This is a collection of interesting stories concerning San Francisco’s history that you may not be aware of. Some of them are quite historic. (Thumbnail images)
On January 25, 1915, the first transcontinental telephone call was made from New York to San Francisco by the same two people who are credited with making the first telephone call ever in 1876, Alexander Graham Bell and Thomas Watson. You know, “Mr. Watson, come here, I want you.” The call was made from Mr. Bell in New York to Mr. Watson, who was in the Telephone Exchange Building here on Grant Avenue. Alexander Bell even used the same expression, “Mr. Watson, come here, I want you.” he used in the 1876 call to which Watson replied, “It would take me a week to get to you this time.” This building was heavily sandbagged just after Pearl Harbor when it was still the Telephone Exchange Building, then a vital communication center, in fear of Japanese bombs dropping on San Francisco. (Source, This Date in San Francisco by John C. Ralston)
Did you know that the record for the largest crowd ever to assemble on Market Street stood for almost 100 years when opera soprano Luisa Tetrazzini sang at Lotta’s Fountain on Christmas Eve, 1910. No Super Bowl Parades for the 49ers or even the celebration of the end of World War Two drew a larger crowd to Market Street. That record was broken on November 3, 2010 when an estimated one million plus people turned out for the victory parade celebrating the San Francisco Giants first World Series championship in San Francisco. I wonder if Luisa sang, “Kill the wabbit! Kill the wabbit!” Come on, you guys remember that Bugs Bunny, Elmer Fudd opera cartoon.
Here’s the San Francisco Chronicle’s front page story of Luisa’s freebee show.
Today, Lotta’s Fountain stands at a spot that’s a few feet different from where it stood in 1910.
This old warehouse on the northwest corner of Sansome and Green Streets at the foot of Telegraph may not look like much today, but trust me, this building was and is of enormous importance to just about everybody in the world; from Howdy Doody to Lucille Ball, the Beatles to Michael Jackson, Muhammad Ali to Joe Montana, President Truman to President Biden, or even myself, who spends most of his evenings at home these days watching reruns of ‘Gunsmoke’. You guessed it, it’s where television was invented. The vintage picture was taken in 1952 by Charles Cushman.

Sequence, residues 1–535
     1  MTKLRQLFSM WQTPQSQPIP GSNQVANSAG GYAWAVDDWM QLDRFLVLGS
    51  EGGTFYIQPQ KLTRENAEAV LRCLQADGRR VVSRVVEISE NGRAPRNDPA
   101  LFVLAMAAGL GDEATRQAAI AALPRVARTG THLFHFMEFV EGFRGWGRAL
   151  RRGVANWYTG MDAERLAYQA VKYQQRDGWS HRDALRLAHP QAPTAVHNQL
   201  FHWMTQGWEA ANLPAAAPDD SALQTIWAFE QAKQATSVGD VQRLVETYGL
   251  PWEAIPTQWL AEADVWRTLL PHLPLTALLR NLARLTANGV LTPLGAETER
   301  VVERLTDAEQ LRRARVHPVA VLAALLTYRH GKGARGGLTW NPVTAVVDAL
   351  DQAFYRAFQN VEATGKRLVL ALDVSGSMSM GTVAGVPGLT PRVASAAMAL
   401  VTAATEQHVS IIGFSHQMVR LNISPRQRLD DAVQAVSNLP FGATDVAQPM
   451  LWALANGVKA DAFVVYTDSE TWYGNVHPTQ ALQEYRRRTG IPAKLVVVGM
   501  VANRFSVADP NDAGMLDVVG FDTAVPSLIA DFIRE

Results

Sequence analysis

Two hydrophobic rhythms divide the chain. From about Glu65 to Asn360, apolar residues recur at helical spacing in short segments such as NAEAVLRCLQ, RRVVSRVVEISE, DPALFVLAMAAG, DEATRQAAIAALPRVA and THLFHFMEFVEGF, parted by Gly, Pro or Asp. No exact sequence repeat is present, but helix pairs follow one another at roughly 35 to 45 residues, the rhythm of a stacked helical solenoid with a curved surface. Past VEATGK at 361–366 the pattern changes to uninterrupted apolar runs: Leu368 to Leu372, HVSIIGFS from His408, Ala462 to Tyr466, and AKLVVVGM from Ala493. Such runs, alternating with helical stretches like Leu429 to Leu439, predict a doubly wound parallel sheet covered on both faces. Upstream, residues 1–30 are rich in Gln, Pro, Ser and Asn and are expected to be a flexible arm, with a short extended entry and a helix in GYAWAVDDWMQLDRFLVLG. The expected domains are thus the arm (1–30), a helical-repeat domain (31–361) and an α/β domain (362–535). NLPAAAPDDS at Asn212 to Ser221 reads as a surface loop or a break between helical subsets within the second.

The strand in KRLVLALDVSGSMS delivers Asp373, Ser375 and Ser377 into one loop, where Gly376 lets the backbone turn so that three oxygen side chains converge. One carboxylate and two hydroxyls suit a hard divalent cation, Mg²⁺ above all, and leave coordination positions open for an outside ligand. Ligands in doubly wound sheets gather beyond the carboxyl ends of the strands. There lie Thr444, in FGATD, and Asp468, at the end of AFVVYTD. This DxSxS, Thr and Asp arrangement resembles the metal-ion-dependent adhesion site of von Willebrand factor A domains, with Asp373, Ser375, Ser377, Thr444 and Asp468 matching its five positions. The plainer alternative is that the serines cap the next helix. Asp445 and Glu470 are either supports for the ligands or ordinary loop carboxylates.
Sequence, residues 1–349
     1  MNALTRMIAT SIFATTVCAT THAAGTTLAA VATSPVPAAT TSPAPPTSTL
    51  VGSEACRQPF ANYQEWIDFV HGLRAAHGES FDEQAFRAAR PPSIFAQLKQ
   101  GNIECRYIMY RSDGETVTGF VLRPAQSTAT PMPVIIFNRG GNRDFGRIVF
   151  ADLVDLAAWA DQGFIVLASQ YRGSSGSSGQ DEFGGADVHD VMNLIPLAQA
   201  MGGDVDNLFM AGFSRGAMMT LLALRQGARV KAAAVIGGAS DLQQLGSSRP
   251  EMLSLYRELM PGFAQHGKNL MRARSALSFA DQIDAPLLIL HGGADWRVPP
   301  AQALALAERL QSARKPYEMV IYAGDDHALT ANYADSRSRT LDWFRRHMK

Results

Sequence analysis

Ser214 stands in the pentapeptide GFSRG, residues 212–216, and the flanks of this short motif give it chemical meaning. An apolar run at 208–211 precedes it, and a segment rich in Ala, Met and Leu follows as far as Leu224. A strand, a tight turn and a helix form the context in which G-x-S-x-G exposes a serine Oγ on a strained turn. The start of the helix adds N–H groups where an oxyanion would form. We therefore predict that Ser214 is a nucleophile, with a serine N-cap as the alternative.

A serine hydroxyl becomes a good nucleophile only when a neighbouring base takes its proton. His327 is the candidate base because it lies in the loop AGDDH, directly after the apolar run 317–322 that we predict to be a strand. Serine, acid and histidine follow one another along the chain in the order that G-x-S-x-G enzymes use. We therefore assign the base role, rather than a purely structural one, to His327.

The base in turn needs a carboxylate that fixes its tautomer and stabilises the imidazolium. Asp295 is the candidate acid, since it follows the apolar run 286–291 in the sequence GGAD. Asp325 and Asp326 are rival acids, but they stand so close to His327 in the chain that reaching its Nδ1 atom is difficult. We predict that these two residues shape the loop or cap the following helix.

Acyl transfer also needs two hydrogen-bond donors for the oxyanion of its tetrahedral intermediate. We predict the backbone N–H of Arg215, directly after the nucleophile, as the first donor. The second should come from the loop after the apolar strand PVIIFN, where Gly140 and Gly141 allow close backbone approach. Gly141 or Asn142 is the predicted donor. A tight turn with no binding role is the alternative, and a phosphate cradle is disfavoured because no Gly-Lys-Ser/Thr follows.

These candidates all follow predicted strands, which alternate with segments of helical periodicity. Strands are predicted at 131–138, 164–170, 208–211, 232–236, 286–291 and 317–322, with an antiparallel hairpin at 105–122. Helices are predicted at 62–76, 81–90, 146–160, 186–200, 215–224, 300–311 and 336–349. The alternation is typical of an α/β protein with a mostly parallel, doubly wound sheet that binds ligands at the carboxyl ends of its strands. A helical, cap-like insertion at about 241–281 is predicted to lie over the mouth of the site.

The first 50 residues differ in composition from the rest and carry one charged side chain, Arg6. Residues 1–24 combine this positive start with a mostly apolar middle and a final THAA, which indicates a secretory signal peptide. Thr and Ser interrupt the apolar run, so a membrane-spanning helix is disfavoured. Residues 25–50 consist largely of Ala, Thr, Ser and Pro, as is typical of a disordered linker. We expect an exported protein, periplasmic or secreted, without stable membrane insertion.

There’s a tarnished historical marker there today.
Did you know that “sideshows” are not unique to our time period? Here’s one on Vallejo Street, west of Mason, during the 1920s. Of course, they weren’t referred to as sideshows back then, they were just called “showing off”. (Shorpy Archives)
Did you know that the groundbreaking for what would become the 1915 Panama Pacific Exposition was staged at the Polo Field in Golden Gate Park by William Howard Taft? “We’re sorry Mr. President, but there’s been an awkward mistake.” Actually the location was intentional and symbolic because the site for the exposition had not been designated yet. The date of the ceremony was on October 14, 1911, three years and four months before the world’s fair opened February 20, 1915 in the Marina District. Taft can be seen in the center of the vintage picture from opensfhistory.org. Later, President Taft went out to the Cliff House to have what I’m sure was a hearty lunch. Well, look at the size of him!
What was possibly the first stolen car incident in San Francisco occurred here on Page Street, just up from Stanyan Street and Golden Gate Park, on January 29, 1909. A Mr. C. P. Lane parked his car here and went into a building. Four kids, juveniles, jumped in the car for a joy ride. One of the kids knew how to start the automobile, and they took off. They drove down to Stanyan, turned right and then left into Golden Gate Park at Fell Street. Two mounted police officers; J. Mangan and James Harrington, spotted them and chased them on horseback. The driver Jumped out of the car and ran into the bushes and got away. The cops, who didn’t know anything about driving a car, tried to drive the kids to the station themselves in the automobile. According to John Ralston in ‘This Date in San Francisco’ the auto went off the road, crossed over ditches and flower beds, and back on to the road, careening all over the place. The three remaining kids in the car were terrified, and the officers eventually hitched the car to their horses and towed it to the Park Police Station. The three kids who were busted were sent to a Detention Home. The vintage picture at the spot where the car was stolen was taken just after the 1906 Earthquake, three years before the “boosting car” pioneer’s copper caper.(opensfhistory.org)
Two days later, on January 31, 1909, the San Francisco Examiner ran this cartoon showing the cops trying to drive the kids in the stolen car back to the station.